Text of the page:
Starting this June, Comcast intends to roll out its Gigabit Pro network, offering speeds of 2 Gigabits per second, in Chattanooga, Tenn.
That location is notable, given the city's combative history with Comcast.
In 2007, Chattanooga's Electric Power Board decided to move forward with an ambitious plan to build its own fiberoptic broadband network.
Several months later, Comcast, the incumbent provider, sued to prevent the buildout. Comcast alleged that the utility company was violating a state regulation by subsidizing the network with electric utility funds.
Comcast famously lost that battle, and Chattanooga went on to develop the first 1 GB broadband network in the country.
Several years later, however, Tennessee lawmakers passed new restrictions that limit other cities' ability to create similar networks. Those curbs -- and similar ones in North Carolina -- were invalidated in February by the Federal Communications Commission.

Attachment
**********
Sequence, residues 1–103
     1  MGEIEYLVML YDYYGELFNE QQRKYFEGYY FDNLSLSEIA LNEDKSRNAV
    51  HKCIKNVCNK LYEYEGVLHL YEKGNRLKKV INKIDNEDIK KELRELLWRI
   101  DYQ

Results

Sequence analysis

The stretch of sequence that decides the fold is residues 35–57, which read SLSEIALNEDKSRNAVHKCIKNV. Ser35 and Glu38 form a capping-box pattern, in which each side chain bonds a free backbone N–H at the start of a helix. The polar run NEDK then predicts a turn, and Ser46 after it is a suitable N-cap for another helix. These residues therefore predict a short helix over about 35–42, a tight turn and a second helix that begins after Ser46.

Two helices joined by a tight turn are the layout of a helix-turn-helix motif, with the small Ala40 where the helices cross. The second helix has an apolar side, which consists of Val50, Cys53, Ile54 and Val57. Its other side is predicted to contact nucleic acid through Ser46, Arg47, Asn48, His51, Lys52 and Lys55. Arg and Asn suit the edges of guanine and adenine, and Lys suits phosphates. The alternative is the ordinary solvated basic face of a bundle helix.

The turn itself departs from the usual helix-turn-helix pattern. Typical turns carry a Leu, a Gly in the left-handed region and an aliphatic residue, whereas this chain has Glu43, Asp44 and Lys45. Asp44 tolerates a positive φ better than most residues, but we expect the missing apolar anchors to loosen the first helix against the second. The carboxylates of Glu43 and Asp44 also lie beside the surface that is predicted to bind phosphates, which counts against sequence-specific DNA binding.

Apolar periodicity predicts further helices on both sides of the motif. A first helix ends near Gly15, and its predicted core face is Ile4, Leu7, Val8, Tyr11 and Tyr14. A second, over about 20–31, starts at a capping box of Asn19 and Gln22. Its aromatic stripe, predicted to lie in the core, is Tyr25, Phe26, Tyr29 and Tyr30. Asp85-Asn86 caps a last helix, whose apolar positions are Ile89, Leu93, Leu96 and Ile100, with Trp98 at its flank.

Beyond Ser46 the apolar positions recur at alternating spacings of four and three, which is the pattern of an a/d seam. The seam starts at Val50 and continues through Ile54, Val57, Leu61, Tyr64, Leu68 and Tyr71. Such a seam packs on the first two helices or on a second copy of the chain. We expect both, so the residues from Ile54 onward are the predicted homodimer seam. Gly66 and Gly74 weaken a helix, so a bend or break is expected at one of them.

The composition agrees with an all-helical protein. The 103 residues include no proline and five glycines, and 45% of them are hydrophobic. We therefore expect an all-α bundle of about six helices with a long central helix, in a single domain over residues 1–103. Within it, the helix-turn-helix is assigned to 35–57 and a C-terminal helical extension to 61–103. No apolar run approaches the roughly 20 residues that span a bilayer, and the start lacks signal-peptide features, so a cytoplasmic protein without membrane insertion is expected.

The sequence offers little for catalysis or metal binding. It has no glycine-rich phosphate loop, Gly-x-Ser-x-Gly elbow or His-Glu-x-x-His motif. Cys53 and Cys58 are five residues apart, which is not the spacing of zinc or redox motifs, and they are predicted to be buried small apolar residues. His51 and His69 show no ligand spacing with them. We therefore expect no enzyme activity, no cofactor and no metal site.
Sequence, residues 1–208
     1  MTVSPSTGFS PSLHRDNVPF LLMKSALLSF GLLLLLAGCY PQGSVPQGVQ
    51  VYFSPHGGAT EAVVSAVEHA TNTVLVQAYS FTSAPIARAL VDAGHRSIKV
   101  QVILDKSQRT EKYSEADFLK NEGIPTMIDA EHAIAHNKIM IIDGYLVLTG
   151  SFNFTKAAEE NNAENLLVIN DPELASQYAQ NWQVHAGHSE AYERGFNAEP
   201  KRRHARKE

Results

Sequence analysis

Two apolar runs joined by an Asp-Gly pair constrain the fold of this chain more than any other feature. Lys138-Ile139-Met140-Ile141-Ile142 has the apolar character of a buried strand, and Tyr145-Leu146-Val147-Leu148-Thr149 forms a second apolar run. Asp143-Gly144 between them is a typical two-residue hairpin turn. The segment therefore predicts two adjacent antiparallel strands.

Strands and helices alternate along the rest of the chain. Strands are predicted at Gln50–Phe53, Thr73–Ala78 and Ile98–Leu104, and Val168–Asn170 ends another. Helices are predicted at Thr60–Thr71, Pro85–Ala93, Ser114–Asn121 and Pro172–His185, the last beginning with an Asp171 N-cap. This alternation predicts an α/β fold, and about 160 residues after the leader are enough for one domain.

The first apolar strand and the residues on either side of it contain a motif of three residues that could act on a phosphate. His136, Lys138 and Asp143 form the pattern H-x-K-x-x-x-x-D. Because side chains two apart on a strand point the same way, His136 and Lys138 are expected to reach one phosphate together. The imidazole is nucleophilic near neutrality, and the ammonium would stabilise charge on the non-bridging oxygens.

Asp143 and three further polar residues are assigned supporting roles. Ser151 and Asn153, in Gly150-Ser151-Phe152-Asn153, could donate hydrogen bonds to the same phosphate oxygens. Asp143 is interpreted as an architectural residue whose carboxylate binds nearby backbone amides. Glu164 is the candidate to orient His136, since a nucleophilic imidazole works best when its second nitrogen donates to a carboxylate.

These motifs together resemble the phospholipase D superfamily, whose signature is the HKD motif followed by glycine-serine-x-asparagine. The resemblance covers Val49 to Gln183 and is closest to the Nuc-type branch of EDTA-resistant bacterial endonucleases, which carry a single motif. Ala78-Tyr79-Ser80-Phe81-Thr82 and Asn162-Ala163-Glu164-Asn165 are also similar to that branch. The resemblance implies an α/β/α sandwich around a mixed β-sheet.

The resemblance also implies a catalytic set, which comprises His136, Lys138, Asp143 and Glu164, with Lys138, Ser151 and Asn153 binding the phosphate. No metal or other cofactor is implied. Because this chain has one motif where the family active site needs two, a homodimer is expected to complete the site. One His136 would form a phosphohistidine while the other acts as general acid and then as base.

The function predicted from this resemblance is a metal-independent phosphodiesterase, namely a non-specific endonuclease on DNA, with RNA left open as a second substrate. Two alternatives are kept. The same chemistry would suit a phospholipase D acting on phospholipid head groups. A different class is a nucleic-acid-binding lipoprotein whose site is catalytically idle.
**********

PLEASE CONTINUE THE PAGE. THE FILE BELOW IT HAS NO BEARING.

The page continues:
But it's not yet clear whether the FCC will have the final word on the matter, given that Tennessee officials are appealing the agency's ruling.
Meanwhile, Comcast now says it will offer the 2 GB service to up to 200,000 Chattanooga residents starting in June, and will expand availability in the coming months.
That sounds like good news for Tennessee residents, although it's not yet clear how Comcast will price the offering.
Still, the development seems to confirm the obvious: Service improves when companies face competition.
Unfortunately, most people in the U.S. don't have many options for Web service at speeds of at least 25 Mbps -- the FCC's definition of broadband. According to the Commerce Department, fewer than four in 10 (37%) U.S. residents have a choice of two or more providers offering service of 25 Mbps.